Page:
And where there are skirts there are tops. Check out your closets carefully and you may notice a strange phenomenon. You may have 6 tops that all only go to the same skirt. Or you may have 6 skirts that all look best with the same top. Either way, most tops will only be worn a few times during any season; wear a top more often and the other tops stuffed on the shelves and in the drawers won't get worn as much or at all. The more tops, the higher the cost per wearing. Bring in a new skirt and it is inevitable that no top you already own will fit that skirt perfectly, thus necessitating the purchasing of yet another top.

Now look at your special occasion clothing. Look at your calendar for the last year and add up how many of these occasions you actually attended, and what type they were. An average figure would be one such occasion a month. Let's even say you have a busy social calendar and you attended two such occasions each month. And let's say that some were during hot weather and some during cold weather. How many special occasion pieces of clothing do you need to own to cover the number of occasions attended? In reality, only two, but let's be generous and say four: two for hot weather and two for cold. Now let's look at the cost of those items. Let's be "thrifty" (sarcasm intended) and make the cost only $200 per outfit. That's $800 in special occasion clothing. Divide by the number of wearings and each outfit costs you "only" $33.33 per wearing. Now add in a $10 dry cleaning charge for each wearing and the cost goes to $43.33 per wearing, if you use the outfits for one year. Imagine--gasp!--if an outfit costs more than $200.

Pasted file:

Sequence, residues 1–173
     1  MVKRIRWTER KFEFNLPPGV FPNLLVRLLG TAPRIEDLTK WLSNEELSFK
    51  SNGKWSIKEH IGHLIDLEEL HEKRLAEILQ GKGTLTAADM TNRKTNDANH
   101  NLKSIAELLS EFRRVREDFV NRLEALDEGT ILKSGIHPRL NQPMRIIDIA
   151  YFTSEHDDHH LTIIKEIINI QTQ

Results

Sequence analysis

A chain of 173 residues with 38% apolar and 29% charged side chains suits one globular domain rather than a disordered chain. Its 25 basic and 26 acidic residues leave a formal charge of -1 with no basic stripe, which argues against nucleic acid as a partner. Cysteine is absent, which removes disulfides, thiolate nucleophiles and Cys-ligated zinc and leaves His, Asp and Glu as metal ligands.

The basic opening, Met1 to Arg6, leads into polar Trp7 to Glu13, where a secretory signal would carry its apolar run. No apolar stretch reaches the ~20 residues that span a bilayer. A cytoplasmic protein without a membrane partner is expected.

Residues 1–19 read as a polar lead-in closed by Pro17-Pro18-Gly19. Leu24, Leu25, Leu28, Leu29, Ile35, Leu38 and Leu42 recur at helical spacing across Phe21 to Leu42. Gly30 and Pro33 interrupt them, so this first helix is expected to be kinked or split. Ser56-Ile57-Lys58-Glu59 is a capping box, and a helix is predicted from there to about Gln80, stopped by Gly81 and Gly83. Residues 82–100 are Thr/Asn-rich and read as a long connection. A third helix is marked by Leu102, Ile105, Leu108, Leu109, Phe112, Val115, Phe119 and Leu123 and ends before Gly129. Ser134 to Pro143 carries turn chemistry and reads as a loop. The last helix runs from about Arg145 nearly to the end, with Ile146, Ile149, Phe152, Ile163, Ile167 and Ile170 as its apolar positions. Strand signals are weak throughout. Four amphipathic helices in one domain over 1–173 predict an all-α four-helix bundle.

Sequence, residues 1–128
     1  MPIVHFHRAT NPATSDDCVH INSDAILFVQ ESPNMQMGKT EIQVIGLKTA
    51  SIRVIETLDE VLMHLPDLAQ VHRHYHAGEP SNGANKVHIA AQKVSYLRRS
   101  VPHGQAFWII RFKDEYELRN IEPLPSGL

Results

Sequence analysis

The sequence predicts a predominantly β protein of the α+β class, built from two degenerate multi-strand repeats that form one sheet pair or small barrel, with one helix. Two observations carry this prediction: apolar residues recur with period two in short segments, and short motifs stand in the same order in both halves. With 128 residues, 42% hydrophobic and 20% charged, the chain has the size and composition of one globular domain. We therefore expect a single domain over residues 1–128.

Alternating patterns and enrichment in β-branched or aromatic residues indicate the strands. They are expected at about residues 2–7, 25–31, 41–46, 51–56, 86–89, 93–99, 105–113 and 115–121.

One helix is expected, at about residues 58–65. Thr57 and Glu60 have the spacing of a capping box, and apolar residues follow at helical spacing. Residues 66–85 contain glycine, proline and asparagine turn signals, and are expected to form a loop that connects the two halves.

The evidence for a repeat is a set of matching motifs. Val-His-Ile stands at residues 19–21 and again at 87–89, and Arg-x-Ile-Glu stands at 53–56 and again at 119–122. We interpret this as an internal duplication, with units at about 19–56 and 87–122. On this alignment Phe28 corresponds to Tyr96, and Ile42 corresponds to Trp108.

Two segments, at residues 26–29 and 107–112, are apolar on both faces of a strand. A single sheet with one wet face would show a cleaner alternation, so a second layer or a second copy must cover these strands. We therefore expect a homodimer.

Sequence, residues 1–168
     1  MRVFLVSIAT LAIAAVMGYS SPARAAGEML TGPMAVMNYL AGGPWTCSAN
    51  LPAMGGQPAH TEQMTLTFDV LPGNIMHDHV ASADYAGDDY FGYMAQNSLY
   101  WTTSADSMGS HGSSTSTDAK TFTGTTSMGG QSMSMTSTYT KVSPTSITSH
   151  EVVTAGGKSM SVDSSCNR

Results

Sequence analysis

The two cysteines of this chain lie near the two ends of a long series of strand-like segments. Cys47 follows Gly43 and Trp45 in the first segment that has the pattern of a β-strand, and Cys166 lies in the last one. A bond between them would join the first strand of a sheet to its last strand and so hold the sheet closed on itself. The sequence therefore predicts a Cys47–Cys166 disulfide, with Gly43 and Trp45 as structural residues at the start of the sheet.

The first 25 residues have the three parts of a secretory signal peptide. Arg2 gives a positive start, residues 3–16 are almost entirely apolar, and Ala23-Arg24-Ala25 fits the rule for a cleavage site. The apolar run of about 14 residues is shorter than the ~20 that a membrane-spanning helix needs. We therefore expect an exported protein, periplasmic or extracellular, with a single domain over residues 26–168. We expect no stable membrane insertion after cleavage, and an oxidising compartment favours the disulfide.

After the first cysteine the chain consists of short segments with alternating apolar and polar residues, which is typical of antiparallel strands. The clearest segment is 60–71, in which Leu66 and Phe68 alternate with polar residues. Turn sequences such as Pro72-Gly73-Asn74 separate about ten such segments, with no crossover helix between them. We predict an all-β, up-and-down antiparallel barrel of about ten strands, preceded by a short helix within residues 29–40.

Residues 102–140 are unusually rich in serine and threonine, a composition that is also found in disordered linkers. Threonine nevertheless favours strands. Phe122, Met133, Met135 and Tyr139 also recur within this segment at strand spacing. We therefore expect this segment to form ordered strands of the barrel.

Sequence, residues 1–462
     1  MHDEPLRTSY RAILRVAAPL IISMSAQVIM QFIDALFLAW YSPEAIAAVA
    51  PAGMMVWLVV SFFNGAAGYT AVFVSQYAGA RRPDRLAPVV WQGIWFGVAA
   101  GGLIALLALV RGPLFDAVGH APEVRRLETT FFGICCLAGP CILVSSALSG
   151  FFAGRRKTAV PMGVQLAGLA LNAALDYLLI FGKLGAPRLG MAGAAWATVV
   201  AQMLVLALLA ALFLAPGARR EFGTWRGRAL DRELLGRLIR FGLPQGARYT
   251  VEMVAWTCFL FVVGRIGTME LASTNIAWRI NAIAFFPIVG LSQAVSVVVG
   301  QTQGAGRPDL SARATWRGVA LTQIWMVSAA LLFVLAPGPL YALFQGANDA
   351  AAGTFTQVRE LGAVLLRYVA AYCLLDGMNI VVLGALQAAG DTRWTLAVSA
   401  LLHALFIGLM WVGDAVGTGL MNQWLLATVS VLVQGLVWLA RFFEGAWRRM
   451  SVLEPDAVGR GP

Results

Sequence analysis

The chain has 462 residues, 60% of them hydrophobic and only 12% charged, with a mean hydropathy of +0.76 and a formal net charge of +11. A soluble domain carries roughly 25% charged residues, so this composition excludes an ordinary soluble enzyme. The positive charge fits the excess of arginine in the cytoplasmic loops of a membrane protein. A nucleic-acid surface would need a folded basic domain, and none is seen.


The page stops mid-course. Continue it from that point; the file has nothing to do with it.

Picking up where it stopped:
Somewhere in the back of our minds we know that clothing costs more if we wear it for less times and so we hold on to that clothing, but instead of wearing the clothing more often it gets pushed to the side as we bring in replacements. Green is in this season so last season's blue clothing isn't "wearable" any longer. But not to worry, because next season green will be out and pink will be in. And so it goes season after season, shopping trip after shopping trip. And the closets are stuffed to overflowing with clothing that we can't bear to get rid of but that we don't really use often enough to justify the price. And like weeds in the garden, those unworn clothes overrun the space available to store them in.